My friend Suzanne told me about her friend Karen, an American expat who is a librarian in Istanbul.  We took a ferry to meet her in Kuzguncuk on the Asia side this morning.  She gave us a tour of her neighborhood before we went to breakfast where we enjoyed the menemen, a kind of saucy omelet that we've had before and really like.

My friend Suzanne told me about her friend Karen, an American expat who is a librarian in Istanbul. We took a ferry to meet her in Kuzguncuk on the Asia side this morning. She gave us a tour of her neighborhood before we went to breakfast where we enjoyed the menemen, a kind of saucy omelet that we’ve had before and really like.

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Karen pointed out this Armenian church as we walked today.  She said the Ottomans killed 1.5 million Armenians starting in 1915 but have refused to discuss it or call it genocide.   I read on Wikipedia that the able-bodied Armenian men were subjected to forced labor while women, children, and old people were sent on death marches to Syria.  Although the church is still open and has a priest, no one goes to Mass there.  I'm not sure how they keep the doors open.

Karen pointed out this Armenian church as we walked today. She said the Ottomans killed 1.5 million Armenians starting in 1915 but have refused to discuss it or call it genocide. I read on Wikipedia that the able-bodied Armenian men were subjected to forced labor while women, children, and old people were sent on death marches to Syria. Although the church is still open and has a priest, no one goes to Mass there. I’m not sure how they keep the doors open.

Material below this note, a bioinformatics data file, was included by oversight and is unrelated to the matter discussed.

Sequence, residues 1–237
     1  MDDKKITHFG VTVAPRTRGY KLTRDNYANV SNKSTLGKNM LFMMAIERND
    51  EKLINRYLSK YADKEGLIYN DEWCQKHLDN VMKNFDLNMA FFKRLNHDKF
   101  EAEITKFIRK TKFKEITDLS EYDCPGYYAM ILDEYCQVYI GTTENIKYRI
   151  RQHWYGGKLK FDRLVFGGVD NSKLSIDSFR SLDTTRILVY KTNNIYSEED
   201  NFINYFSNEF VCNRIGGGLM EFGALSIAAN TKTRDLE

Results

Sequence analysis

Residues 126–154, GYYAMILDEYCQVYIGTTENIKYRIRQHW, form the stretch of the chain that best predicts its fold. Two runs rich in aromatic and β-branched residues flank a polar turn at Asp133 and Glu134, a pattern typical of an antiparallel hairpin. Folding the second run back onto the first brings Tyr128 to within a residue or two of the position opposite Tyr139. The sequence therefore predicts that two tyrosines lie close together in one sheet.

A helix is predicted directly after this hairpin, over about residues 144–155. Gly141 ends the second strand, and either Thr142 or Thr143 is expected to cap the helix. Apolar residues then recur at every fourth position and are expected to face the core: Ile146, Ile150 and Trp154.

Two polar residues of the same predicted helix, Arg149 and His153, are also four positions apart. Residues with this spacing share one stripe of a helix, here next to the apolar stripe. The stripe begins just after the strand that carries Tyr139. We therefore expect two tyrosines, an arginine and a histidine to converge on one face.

We took the Marmaray train that goes under the Bosphorus and that just opened for operation last year home from the Asia side today.

We took the Marmaray train that goes under the Bosphorus and that just opened for operation last year home from the Asia side today.

The beautiful train station on the European side where we got off the Marmaray had previously served as the eastern terminus of the Orient Express.

The beautiful train station on the European side where we got off the Marmaray had previously served as the eastern terminus of the Orient Express.

And I almost forgot the power & water outages…To sum up, the city turns off the power and water periodically for a couple hours “when people are using too much.”  The electricity in our apartment was out for 20 hours though because I made the mistake of using the dryer shortly after the power came back on Wednesday, something the owner then told me put too much strain on the lines.  As Adam Sandler’s character says in “The Wedding Singer,” “Things that could’ve been brought to my attention YESTERDAY!”  The water then was turned off a couple days later, but fortunately none of us was in the shower at the time.

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2 thoughts on “Dolmabahçe Palace…and so much more!

  1. I am so impressed by your travels. I always thought it would be cool to see the straits of the Bosporus. I hope in many years when you’ve all had time to digest these wonderful and special adventures, they augment and grace your faith and understanding of the Almighty God Who loves all people everywhere unconditionally. May God continue to keep you safe in your travels. With love, Dave and Jen Saj.